The American Foxhound is affectionate, eager, active, energetic and brave. American Foxhounds generally get along well with children and other dogs but are likely to chase any non-canine pets with their natural hunting instincts. American Foxhounds vary widely with how they treat strangers, some are overly protective while others happily greet all visitors. It is important to remember that this breed is a natural pack-hunting hound and is not always an ideal family companion. American Foxhounds tend to be difficult to house train and are most suited for active families or those who enjoy hunting.
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Grooming is simple and easy with this short-coated breed. American Foxhounds are average shedders and should be brushed and combed occasionally to keep the coat in good condition.
The American Foxhound needs a substantial amount of daily exercise. If this breeds exercise needs are not met then they can become restless and destructive. American Foxhounds should be kept on a lead when out walking as they are likely to run off if they pick up an interesting scent. They tend to be reasonably active indoors and are not suited for urban living. Ideally American Foxhounds would have the opportunity to hunt or track with their owner.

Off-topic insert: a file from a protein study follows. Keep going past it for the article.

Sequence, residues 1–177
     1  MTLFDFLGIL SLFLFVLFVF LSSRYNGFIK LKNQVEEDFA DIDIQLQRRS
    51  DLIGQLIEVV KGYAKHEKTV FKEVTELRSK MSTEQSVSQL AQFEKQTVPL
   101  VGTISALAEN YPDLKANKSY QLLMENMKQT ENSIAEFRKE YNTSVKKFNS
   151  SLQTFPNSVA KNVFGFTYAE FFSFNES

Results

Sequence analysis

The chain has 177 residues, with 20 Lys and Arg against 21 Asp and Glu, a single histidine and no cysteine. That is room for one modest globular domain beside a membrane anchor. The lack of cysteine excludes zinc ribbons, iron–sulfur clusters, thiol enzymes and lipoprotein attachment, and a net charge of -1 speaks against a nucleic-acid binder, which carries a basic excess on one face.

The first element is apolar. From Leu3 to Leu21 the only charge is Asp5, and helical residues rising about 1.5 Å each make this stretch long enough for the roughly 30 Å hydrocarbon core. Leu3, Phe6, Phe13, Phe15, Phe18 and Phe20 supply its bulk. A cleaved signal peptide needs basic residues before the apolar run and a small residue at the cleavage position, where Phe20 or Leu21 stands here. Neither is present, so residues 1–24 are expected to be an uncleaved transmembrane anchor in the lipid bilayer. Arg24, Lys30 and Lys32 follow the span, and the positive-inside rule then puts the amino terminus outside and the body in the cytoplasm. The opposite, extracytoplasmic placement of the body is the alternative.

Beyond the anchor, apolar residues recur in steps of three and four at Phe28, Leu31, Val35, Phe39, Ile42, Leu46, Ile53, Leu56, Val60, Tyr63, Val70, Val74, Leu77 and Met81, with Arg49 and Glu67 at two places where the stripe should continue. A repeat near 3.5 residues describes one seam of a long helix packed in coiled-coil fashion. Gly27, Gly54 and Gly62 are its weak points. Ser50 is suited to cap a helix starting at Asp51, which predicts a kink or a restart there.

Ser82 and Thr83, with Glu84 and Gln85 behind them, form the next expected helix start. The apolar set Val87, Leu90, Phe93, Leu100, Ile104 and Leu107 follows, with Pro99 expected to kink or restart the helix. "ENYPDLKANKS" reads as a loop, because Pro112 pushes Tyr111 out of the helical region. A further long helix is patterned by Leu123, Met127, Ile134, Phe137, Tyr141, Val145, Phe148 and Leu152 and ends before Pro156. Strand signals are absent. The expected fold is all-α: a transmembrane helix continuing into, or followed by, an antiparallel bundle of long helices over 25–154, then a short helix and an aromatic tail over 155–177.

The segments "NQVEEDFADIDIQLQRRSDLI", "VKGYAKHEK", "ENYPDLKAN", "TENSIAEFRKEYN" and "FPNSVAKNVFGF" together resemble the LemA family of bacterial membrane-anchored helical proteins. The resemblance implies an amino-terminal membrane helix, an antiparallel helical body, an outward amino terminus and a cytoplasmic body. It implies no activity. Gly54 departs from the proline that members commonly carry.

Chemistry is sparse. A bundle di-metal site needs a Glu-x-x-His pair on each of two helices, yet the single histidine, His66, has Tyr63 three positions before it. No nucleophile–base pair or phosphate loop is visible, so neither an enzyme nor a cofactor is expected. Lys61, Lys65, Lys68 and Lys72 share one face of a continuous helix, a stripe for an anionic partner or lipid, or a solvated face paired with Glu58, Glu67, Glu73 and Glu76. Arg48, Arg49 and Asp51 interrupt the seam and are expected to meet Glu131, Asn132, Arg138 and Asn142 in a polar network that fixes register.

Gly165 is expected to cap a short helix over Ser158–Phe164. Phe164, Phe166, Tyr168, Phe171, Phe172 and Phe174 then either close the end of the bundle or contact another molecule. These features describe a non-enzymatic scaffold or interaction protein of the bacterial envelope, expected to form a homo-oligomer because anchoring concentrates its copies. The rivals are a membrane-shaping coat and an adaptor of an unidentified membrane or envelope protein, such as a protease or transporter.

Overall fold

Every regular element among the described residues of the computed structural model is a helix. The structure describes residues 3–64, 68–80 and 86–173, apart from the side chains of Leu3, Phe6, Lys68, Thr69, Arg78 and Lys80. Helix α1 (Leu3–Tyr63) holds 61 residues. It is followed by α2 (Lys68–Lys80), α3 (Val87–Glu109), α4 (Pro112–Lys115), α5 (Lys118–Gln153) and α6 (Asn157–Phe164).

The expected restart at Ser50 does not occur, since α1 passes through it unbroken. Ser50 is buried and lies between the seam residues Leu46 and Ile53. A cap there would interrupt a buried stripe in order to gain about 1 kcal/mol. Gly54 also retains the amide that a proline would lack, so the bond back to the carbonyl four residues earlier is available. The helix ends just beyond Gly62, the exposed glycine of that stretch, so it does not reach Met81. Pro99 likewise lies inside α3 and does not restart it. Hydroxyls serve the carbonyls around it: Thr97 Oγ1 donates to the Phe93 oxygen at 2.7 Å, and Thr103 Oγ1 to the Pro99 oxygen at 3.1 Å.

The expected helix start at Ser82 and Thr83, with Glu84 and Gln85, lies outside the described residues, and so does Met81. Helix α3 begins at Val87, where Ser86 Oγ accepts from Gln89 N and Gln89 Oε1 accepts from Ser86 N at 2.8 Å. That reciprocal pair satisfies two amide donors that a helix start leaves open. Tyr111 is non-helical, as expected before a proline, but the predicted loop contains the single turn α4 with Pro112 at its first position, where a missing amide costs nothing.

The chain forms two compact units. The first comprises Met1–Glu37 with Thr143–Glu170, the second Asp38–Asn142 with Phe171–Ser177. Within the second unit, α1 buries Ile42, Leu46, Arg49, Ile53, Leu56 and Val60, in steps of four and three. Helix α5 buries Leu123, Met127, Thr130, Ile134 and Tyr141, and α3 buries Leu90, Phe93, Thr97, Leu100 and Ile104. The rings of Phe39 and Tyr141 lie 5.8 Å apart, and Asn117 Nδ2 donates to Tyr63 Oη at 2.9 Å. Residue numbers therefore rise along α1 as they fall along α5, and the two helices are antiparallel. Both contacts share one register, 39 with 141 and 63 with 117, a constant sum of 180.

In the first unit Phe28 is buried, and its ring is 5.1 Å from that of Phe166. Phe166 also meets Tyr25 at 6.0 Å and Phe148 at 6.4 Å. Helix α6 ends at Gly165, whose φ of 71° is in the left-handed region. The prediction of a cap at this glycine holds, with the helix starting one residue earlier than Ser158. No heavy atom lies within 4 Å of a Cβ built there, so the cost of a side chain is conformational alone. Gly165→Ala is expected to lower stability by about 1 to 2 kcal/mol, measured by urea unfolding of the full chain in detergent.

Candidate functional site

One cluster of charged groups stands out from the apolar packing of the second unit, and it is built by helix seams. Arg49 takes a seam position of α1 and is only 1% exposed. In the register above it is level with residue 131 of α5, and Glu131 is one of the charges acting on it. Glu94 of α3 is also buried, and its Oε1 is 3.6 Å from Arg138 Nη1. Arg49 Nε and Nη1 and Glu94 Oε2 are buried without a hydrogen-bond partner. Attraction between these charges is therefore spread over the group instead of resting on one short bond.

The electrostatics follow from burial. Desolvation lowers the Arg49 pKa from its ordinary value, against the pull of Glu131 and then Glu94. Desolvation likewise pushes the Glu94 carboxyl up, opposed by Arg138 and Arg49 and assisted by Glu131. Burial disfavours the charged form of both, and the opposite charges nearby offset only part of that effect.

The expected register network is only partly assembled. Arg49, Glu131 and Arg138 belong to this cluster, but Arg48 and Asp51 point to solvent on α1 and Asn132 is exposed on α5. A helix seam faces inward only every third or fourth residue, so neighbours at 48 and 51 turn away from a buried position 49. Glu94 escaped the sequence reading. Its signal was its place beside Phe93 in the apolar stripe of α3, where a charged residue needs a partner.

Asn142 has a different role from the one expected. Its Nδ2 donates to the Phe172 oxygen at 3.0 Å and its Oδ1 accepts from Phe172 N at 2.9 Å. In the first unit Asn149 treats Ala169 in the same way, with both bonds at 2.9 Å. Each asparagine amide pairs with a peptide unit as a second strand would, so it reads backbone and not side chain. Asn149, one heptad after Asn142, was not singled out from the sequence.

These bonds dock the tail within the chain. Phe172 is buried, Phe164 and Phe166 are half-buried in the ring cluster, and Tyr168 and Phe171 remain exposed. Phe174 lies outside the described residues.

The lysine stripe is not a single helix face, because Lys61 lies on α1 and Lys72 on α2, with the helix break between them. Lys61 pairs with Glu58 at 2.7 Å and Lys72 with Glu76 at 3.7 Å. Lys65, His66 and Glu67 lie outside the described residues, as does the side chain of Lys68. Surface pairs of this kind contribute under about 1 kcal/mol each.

The Foxhound evolved from English hounds that were brought to America in 1650. The cross-breeding of the English and French Hounds helped produce today's lean and fast American Foxhound. These dogs have an excellent nose and worked as efficient and untiring hunters of wild animals. The American Foxhound is still primarily a hunting and field trial dog (in packs and alone), though they have had some success as a companion dog. Its talents are hunting, tracking, watchdogging and agility.
General Appearance: Alert, agile and lean.
Color: All colors are accepted.
Coat: Close, hard and of medium length.
Tail: Set moderately high and is carried gaily with a slight curve (should not be forward over the back).
Ears: Set low, hanging close to the cheek and fairly broad at the base with rounded tips.
Body: The back is moderately long and muscular and the broad loins are slightly arched. The chest is deep and narrow and the well sprung ribs extend well back. The shoulders are muscular and sloping.
- The American Foxhound is taller and lighter boned than the English Foxhound.
- The American Foxhound was not bred to be a family companion, but if they are well socialized during puppyhood they can adapt to family life.